Famed Polish Director and Theorist, Jerzy Grotowski, Dead at 65

News   Famed Polish Director and Theorist, Jerzy Grotowski, Dead at 65
 
Polish director Jerzy Grotowski, one of the most influential directors, theatrical innovators and acting teachers of the twentieth century, died Jan. 14 of leukemia in Pontedera, Italy. He was 65.
Still from 1966's The Constant Prince
Still from 1966's The Constant Prince

Polish director Jerzy Grotowski, one of the most influential directors, theatrical innovators and acting teachers of the twentieth century, died Jan. 14 of leukemia in Pontedera, Italy. He was 65.

Grotowski was director of the Polish Laboratory Theatre (which he founded in 1959), and influenced generations of actors and directors through his teachings, his productions and his seminal book, "Towards a Poor Theater" (1968).

Two central concepts dominated Grotowski's ground-breaking work throughout his career: his notion of theatre as a ritualistic, communal religious experience, and his "bare bones" style, stripping productions of extravagant costumes, sets and lights. Instead, he'd shift the focus back to the actor.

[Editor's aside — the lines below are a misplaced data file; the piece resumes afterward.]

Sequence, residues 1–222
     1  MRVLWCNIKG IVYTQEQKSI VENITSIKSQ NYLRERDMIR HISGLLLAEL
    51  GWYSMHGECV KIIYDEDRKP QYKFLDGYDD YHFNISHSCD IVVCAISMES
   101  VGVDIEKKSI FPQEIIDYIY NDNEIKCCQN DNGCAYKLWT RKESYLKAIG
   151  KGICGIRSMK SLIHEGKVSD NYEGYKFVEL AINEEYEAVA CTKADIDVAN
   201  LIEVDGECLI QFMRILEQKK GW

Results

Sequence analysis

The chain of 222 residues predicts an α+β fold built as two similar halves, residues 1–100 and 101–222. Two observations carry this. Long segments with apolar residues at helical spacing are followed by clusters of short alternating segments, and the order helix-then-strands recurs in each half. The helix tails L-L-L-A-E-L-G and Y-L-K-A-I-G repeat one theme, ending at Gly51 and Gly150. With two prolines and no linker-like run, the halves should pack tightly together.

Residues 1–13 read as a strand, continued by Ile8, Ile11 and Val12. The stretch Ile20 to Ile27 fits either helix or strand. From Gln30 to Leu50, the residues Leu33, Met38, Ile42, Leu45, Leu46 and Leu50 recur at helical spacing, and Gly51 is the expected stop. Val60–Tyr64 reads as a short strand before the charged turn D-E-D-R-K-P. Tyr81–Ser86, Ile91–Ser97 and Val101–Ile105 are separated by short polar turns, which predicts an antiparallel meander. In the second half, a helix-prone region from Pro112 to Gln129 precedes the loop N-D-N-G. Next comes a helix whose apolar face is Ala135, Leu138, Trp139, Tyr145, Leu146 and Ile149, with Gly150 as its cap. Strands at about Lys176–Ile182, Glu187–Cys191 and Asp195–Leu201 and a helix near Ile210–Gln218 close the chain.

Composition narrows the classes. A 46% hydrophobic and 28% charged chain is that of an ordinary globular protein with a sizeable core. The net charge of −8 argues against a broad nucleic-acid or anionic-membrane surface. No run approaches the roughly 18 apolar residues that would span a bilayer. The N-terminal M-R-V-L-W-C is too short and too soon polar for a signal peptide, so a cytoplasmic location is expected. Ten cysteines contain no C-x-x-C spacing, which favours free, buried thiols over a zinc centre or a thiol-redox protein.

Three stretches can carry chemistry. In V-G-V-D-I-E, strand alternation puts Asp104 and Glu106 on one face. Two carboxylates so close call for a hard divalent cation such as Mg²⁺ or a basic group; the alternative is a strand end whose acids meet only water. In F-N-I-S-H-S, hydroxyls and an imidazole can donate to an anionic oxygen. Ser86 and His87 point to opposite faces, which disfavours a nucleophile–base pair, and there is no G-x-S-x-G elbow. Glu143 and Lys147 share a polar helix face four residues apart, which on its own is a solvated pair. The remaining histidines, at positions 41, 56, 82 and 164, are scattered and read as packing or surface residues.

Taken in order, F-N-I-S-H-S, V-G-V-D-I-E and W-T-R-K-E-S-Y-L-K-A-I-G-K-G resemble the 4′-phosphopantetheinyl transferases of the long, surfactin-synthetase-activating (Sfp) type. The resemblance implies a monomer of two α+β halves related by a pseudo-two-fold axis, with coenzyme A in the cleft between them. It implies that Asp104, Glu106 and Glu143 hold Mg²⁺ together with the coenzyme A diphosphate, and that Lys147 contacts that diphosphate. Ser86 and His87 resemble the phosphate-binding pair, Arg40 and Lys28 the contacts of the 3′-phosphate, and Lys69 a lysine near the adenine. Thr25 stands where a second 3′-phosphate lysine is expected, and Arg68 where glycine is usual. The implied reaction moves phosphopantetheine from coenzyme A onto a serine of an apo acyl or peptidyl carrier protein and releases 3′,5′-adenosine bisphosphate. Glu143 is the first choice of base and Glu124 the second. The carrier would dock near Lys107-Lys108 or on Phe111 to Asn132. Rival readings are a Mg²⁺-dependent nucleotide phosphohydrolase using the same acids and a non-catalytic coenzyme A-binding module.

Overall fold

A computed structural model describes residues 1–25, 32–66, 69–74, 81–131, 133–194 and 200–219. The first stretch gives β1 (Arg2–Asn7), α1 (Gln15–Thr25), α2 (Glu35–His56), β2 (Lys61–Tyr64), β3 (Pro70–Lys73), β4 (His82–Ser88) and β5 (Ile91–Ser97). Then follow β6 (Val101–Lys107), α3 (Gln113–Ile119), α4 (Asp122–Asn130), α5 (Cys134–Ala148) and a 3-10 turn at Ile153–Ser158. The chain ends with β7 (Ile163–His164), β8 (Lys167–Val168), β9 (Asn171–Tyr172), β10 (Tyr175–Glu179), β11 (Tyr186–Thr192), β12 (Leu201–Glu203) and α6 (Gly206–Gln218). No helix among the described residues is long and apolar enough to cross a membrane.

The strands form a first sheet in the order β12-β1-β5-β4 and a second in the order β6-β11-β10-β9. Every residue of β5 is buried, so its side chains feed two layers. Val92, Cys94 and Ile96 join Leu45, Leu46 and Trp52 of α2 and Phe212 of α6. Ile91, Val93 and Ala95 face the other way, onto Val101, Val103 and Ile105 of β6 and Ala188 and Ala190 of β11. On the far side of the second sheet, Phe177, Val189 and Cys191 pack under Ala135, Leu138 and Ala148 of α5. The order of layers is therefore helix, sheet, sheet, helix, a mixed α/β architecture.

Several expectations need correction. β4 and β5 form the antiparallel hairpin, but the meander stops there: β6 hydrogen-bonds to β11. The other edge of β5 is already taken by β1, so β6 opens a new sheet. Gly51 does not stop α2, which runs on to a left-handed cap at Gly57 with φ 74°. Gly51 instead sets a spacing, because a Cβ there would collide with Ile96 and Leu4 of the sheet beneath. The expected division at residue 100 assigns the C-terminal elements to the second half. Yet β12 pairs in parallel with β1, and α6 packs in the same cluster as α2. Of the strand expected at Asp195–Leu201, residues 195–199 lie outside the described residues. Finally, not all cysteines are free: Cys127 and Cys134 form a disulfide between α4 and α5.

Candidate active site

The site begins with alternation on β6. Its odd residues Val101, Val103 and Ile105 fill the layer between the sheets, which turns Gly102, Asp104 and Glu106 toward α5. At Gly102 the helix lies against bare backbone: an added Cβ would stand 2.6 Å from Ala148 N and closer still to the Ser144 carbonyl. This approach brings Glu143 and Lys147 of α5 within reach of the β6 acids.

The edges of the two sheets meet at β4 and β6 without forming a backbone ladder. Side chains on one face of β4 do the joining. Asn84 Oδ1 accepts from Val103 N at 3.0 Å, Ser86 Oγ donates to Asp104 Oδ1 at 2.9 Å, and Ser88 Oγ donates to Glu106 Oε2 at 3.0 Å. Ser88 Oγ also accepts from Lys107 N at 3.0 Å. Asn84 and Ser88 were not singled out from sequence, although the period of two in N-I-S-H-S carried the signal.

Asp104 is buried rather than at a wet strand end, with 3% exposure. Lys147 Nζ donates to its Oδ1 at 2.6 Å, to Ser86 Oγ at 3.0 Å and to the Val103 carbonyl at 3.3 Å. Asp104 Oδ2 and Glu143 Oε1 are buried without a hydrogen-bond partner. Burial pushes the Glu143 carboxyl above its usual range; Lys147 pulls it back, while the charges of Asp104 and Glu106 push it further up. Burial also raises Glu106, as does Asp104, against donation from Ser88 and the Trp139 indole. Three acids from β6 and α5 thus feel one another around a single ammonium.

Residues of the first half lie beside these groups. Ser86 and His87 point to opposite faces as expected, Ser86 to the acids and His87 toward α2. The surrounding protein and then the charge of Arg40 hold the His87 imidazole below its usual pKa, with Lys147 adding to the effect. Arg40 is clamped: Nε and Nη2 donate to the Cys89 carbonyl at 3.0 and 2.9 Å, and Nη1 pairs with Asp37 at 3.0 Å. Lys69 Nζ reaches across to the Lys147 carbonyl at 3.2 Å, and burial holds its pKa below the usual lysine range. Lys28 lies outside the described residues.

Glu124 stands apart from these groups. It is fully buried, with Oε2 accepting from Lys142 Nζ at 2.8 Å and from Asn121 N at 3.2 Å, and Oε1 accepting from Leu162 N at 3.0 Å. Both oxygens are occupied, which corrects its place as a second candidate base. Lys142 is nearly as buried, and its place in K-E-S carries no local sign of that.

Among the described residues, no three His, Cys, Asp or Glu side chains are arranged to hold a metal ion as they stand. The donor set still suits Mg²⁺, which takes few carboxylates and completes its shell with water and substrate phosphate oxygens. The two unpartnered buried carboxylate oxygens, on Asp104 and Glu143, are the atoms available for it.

Grotowski did not become widely known until 1965, after six years of experimenting in isolation with his troupe in Poland. In 1966, his production of The Constant Prince was seen at Paris' Theatre des Nations, which led to an invite to work with London's Royal Shakespeare Company, where he greatly influenced Peter Brook, a debt Brook acknowledges to this day. The publication of "Towards a Poor Theatre" in 1968, led to international tours by the Polish Laboratory, including his theatre's first visit to New York (bringing The Constant Prince, Akropolis and Apocalypsis cum Figuris).

By 1970, Grotowski had attained a legendary status in acting theory, not unlike Stanislavsky. Debates over his "methods" and approach blossomed all over America, with many actors and directors moving to Poland to seek his tutelage. Grotowski, like Stanislavsky, continuously denied his theatre had a method, instead emphasizing that his work and approaches to it were continuously shifting and changing. Grotowski actually moved to the States for a few years in the 1980's, teaching at Columbia University and the University of California at Irvine. In 1991, Grotowski was awarded the prestigious MacArthur "Genius" Grant. More recently, he had shifted his home to Pontedera, Italy where, up until his death, he continued his explorations into the nature of theatre.

As a theatre practitioner, Grotowski directly influenced the work of directors like Brook, Richard Schechner, Judith Malina, Julian Beck, Eugenio Barba, Joseph Chaikin, Andrei Serban, Andre Gregory, Lee Breuer, Ariane Mnouchkine and many others.

Various productions by Grotowski include adaptations of Wyspianski's Akropolis, Calderon's The Constant Prince, Byron's Cain,Marlowe's Doctor Faustus, Shakespeare's Hamlet, and the original work, Apocalypsis cum Figuris.

-- By Sean McGrath

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